Young Man A looked up at me as I loomed over him, my daughter shrieking and pulling my hair while I cast around desperately for someone to help me stow my bag (the air staff were, apparently, too busy with cross-checking – and I’ve always wondered what that is, actually – to help) and said, ‘You have got to be joking.’

Young Man B was too distressed to comment. He put his head in his hands and groaned.

‘I’m sorry, boys,’ I said, wincing as my daughter wrenched hard enough on my hair to pull a hank out by the roots, ‘and there’s worse to come. I think it’s only fair to tell you that this is as good as it’s going to get.’

Well, it was way past horrendous. My daughter, whose endurance was (and still is) superhuman, hollered and writhed all the way back to Cape Town. The young men (who, to be fair to them, did initially try to help, but quickly backed off when they discovered that if they got too close to the baby, she bit) decided, in a spirit of ‘if you can’t beat ’em, join ’em’, to simply order round after round of strong drink, so by the time the plane touched down I had been roundly terrorised, verbally, physically and emotionally, by a 6-month-old and two lads.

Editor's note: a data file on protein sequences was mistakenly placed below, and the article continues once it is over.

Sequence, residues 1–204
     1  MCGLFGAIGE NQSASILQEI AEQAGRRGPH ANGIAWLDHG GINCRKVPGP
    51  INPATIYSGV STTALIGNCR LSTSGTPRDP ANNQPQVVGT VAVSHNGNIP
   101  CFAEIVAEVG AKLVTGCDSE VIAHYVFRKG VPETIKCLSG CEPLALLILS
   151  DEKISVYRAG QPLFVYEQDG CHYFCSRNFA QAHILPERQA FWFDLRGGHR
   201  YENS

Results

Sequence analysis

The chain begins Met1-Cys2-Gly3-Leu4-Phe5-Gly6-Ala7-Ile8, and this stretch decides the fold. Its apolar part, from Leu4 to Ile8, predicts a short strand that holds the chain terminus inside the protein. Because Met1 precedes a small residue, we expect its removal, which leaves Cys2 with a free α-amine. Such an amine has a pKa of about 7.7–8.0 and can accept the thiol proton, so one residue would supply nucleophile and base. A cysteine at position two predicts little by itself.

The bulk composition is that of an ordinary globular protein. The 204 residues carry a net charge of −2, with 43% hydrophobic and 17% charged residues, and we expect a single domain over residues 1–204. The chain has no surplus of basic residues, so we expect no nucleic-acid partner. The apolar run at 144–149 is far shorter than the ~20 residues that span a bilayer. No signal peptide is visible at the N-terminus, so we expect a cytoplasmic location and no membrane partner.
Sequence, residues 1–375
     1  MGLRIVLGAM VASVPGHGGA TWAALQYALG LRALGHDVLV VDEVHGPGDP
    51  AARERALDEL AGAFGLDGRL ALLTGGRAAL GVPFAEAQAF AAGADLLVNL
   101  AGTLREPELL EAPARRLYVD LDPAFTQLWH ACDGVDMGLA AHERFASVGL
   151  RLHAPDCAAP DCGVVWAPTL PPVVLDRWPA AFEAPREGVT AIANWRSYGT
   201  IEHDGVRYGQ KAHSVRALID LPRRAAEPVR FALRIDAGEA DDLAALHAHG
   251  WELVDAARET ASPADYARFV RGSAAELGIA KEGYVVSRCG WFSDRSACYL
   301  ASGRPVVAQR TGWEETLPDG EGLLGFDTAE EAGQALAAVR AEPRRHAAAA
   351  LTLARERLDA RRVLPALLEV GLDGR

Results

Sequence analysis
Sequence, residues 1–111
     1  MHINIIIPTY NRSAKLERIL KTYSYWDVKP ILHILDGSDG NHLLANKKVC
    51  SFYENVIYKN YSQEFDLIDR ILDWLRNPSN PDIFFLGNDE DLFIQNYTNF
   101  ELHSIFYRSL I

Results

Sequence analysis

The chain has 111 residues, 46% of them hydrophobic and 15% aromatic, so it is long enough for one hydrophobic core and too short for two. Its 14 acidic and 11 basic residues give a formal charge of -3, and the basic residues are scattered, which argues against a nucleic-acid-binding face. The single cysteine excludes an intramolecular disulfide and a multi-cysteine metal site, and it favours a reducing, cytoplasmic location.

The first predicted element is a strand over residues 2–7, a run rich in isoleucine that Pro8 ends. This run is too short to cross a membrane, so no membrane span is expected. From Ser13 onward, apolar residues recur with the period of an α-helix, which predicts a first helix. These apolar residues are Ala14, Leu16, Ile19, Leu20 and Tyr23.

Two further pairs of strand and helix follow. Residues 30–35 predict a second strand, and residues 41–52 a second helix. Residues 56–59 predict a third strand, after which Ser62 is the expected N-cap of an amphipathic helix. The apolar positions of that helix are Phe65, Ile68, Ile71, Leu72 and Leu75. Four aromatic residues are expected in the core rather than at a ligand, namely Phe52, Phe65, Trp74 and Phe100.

My daughter, by then finally exhausted by both the increasingly risible attentions of the drunkards and the physical exertion of depilating me hair by hair, fell sound asleep. The lads clambered over me and her, reclaimed their bags from the overhead compartments with much amusing banging and crashing, and filed off. I sat there, limp as an electrocuted octopus.

My husband, who’d been seated at the bulkhead (and I haven’t to this day worked out how he got those seats and I got the one over the wing and next to the toilet), came lolloping up the aisle towards me, our son gambolling good-naturedly in his wake.

‘Hey, that wasn’t so bad, was it?’ he said.

There were children present, so I mouthed to him, ‘… —

Not entirely by coincidence, the divorce followed shortly afterwards.

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1 comment:

meggie said...

Oh the horror! I have memories of flights similar to that. Unfortunately, or fortunately, I have flown in similar circumstances... the child wasnt mine. But, I sure did sympathise with the mother, whose useless husband pretended he was deaf & mute- & crippled too. I wanted to deliver him a swift hard kick between his big toes!